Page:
Friday, March 25, 2005

Has any one supposed it lucky to be born?
I hasten to inform him or her it is just as lucky to die, and I know it.

I pass death with the dying, and birth with the new-washed babe. . . . and am not contained between my hat and boots,
And peruse manifold objects, no two alike, and every one good,
The earth good, and the stars good, and their adjuncts all good.

I am not an earth nor an adjunct of an earth,
I am the mate and companion of people, all just as immortal and fathomless as myself;
They do not know how immortal, but I know.

--Walt Whitman, Leaves of Grass

A citywide festival to celebrate the life and work of Walt Whitman begins tomorrow, the anniversary of the poet's death in 1892, in Washington, DC, the city where Whitman spent ten years of his life. The festival will run through his birthdate of May 31 and will include a marathon reading of Leaves of Grass on April 16 at George Washington University. (Washington Post)

Not everyone is happy about how memoir-happy the publishing industry has become. Off the top of my head I'd say my favorite memoirs would have to include Robert Sapolsky's A Primate's Memoir and Robin Hemley's Nola. Michael Holroyd, Margaret Drabble's husband, wrote about his eccentric family in Basil Street Blues, another one of my favorites, and he's been honored with the David Cohen award for literature based on "his 41 years of distinction as the father of the contemporary school of intimate, emotionally and sexually candid biography." (The Guardian)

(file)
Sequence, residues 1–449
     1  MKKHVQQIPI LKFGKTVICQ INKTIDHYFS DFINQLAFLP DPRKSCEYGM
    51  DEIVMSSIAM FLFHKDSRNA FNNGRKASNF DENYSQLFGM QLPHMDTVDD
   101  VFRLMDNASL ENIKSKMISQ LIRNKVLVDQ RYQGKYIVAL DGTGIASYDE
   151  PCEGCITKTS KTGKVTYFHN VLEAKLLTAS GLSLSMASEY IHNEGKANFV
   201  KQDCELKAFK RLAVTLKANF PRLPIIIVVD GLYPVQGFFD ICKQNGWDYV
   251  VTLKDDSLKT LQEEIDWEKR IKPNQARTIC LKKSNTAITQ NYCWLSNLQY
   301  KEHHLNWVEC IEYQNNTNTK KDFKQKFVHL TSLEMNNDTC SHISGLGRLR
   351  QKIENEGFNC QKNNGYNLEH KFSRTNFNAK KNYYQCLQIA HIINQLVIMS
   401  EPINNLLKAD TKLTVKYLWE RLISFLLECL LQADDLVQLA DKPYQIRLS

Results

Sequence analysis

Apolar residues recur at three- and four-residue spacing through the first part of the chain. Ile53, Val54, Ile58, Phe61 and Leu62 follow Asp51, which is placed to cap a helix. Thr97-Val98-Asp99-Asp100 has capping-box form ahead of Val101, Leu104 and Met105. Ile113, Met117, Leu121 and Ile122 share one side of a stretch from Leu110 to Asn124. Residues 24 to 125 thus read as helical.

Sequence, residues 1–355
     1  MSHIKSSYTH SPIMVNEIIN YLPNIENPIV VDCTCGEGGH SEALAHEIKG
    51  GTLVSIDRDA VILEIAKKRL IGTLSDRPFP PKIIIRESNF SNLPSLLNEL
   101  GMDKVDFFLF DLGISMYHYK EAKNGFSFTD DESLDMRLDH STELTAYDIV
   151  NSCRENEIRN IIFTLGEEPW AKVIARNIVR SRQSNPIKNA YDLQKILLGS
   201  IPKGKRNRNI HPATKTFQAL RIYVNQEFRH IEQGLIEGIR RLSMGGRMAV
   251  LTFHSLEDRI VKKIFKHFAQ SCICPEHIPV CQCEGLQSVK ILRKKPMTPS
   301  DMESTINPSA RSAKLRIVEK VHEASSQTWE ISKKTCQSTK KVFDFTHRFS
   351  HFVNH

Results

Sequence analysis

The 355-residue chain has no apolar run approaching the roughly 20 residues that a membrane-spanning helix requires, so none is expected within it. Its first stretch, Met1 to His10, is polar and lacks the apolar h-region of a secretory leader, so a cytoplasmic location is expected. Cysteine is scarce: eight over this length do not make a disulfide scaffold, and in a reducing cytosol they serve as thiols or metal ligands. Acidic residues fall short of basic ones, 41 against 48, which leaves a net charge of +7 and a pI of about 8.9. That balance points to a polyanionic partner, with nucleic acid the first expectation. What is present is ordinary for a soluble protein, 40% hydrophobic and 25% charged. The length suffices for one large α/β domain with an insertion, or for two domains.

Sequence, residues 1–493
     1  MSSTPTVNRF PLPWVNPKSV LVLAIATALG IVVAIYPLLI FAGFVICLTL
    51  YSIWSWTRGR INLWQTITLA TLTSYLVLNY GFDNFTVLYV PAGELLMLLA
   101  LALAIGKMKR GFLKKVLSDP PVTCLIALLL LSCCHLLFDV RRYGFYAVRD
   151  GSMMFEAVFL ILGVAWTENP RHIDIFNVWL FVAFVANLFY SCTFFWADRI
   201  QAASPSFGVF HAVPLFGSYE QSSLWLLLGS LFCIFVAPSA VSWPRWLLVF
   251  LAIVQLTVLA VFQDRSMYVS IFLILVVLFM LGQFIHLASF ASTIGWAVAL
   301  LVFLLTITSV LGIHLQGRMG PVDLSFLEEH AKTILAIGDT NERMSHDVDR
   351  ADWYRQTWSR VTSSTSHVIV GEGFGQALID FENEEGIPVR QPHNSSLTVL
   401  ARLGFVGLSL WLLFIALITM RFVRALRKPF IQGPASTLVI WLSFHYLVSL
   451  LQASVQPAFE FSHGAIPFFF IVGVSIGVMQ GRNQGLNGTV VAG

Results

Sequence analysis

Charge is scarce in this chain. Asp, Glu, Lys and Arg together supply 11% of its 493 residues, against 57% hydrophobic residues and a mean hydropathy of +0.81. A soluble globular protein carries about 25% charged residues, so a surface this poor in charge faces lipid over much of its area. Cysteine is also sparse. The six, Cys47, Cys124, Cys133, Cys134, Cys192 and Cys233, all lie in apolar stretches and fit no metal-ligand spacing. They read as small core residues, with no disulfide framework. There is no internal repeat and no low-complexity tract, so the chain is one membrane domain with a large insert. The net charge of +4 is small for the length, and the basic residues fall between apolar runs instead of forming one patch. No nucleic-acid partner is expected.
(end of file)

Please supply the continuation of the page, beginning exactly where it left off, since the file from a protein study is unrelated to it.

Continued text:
I am reading As I Lay Dying in my spare moments today. I love this neighborly observation of Anse Bundren:

"I notice how it takes a lazy man, a man that hates moving, to get set on moving once he does get started off, the same as he was set on staying still, like it aint the moving he hates so much as the starting and the stopping. And like he would be kind of proud of whatever come up to make the moving or the setting still look hard. He set there on the wagon, hunched up, blinking, listening to us tell about how quick the bridge went and how high the water was, and I be durn if he didn't act like he was proud of it, like he had made the river rise himself."

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